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Quantum Workplace Named Recipient of Inaugural ChurnZero ChurnHero Award; One of Four Global Winners

Company Recognized for Successfully Driving Adoption of its Solutions across its Customer Base

Quantum Workplace, a leading provider of comprehensive employee engagement and performance software, announced today the Company is the recipient of a 2020 ChurnHero Award from ChurnZero, a real-time customer success platform which helps subscription businesses fight customer churn.

In its inaugural year, the ChurnHero Awards recognize ChurnZero customers for their commitment to best-in-class Customer Success programs. Judged by a panel of customer success experts, these awards celebrate teams building meaningful relationships with their clients in proactive, impactful and measurable ways.

Quantum Workplace earned its win in the Adoption Hero category, which acknowledges innovative ways teams successfully drive both product adoption and customer return on investment (ROI). Following its evaluation of the entire customer experience, the Quantum Workplace team sought to improve the adoption stage of customers’ journey.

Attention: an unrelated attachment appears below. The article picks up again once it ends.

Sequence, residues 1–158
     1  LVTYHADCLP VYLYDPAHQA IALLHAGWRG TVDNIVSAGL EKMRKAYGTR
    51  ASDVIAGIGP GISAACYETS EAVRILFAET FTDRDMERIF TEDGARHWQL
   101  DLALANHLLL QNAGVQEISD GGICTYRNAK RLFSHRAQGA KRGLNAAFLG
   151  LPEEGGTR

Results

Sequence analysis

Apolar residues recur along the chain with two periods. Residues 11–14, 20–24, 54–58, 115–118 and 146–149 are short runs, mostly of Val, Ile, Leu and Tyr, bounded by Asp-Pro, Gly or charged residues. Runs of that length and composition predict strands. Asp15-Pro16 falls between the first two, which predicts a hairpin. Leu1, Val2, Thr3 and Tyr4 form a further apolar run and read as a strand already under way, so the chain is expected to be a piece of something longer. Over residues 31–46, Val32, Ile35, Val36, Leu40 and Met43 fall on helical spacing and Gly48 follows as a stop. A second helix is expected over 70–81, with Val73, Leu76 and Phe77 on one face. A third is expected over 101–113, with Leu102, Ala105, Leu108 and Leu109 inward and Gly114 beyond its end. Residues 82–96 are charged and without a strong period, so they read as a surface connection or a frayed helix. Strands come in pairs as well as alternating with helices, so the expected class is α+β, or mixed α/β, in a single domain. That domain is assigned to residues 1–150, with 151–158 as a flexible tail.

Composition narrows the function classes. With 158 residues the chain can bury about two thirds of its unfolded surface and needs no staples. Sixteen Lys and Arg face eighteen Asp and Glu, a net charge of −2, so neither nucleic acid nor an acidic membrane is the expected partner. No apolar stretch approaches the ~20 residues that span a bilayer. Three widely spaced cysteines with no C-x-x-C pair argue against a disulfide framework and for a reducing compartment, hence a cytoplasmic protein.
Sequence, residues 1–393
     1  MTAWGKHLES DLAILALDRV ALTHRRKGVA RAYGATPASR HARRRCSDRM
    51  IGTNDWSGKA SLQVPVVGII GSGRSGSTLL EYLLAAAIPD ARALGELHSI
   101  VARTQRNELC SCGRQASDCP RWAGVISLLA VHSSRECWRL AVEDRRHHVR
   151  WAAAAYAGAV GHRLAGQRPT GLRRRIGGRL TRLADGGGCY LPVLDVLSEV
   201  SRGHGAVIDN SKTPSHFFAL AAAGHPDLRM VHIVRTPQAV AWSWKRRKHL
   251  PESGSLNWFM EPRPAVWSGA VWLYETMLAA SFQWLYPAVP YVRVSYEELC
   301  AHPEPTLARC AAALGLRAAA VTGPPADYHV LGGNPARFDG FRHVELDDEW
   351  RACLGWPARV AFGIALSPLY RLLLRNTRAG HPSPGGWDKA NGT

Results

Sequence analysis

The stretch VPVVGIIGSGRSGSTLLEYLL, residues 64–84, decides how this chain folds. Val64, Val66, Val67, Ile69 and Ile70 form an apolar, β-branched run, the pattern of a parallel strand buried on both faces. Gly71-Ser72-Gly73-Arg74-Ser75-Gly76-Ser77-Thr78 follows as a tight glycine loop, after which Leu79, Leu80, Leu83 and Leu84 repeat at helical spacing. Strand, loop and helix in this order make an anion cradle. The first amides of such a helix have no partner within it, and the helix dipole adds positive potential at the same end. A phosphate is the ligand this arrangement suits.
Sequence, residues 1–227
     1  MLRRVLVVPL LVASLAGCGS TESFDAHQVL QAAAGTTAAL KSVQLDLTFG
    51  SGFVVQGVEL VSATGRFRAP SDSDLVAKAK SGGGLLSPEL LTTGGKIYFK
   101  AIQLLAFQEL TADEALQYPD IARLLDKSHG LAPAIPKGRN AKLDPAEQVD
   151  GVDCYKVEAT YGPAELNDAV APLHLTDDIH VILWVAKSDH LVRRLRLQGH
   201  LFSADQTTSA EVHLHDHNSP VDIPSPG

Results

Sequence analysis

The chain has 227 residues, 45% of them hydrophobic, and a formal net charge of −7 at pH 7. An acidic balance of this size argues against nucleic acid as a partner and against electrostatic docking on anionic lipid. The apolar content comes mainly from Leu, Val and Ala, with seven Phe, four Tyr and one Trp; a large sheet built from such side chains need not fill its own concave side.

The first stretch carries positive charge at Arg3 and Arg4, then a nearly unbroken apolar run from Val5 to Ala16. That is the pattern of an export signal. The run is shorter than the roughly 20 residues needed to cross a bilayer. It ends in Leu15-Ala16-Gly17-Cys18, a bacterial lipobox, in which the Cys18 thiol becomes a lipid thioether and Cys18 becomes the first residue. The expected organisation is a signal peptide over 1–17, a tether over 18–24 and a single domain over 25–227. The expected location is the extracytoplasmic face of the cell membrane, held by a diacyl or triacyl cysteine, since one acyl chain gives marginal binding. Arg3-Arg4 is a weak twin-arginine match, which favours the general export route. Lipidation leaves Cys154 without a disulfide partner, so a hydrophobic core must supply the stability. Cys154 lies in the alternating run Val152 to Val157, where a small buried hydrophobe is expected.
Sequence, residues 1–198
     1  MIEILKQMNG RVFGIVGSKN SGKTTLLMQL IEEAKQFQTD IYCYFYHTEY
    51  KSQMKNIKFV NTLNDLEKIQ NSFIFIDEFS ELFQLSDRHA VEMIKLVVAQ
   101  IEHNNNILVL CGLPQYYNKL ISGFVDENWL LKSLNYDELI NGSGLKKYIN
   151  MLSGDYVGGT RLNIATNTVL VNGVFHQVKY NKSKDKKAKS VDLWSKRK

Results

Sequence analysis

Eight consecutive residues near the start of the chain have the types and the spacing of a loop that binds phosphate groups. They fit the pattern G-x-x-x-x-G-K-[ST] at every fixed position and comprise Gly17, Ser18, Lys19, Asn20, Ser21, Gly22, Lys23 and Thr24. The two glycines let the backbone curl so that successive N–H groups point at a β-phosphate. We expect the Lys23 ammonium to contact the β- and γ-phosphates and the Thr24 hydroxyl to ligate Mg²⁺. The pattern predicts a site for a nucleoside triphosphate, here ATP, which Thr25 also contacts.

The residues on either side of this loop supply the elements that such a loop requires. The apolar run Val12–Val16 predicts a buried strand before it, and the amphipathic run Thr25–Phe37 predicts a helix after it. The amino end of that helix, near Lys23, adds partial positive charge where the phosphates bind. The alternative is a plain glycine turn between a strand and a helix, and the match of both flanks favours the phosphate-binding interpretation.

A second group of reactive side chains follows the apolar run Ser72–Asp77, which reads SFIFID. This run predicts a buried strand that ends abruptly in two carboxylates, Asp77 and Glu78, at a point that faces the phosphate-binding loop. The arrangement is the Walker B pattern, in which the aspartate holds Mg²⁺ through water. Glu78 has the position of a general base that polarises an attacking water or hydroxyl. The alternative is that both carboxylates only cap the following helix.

Quantum Workplace’s focus on operationalizing the customer journey by leveraging ChurnZero’s software has reaped tremendous results. The Company is now better able to track and reduce time to value for customers while monitoring their movement from one journey phase to the next. Furthermore, alerts are delivered to internal teams on important customer health metrics, allowing Quantum Workplace to be better positioned to deliver the right service at the right time. Not only did the team influence sharp increases in the Company’s Net Promoter Score® (NPS) as a result of improving its customers’ journeys, but also, Quantum Workplace is now seeing its highest levels of customer engagement with its employee success tools ever.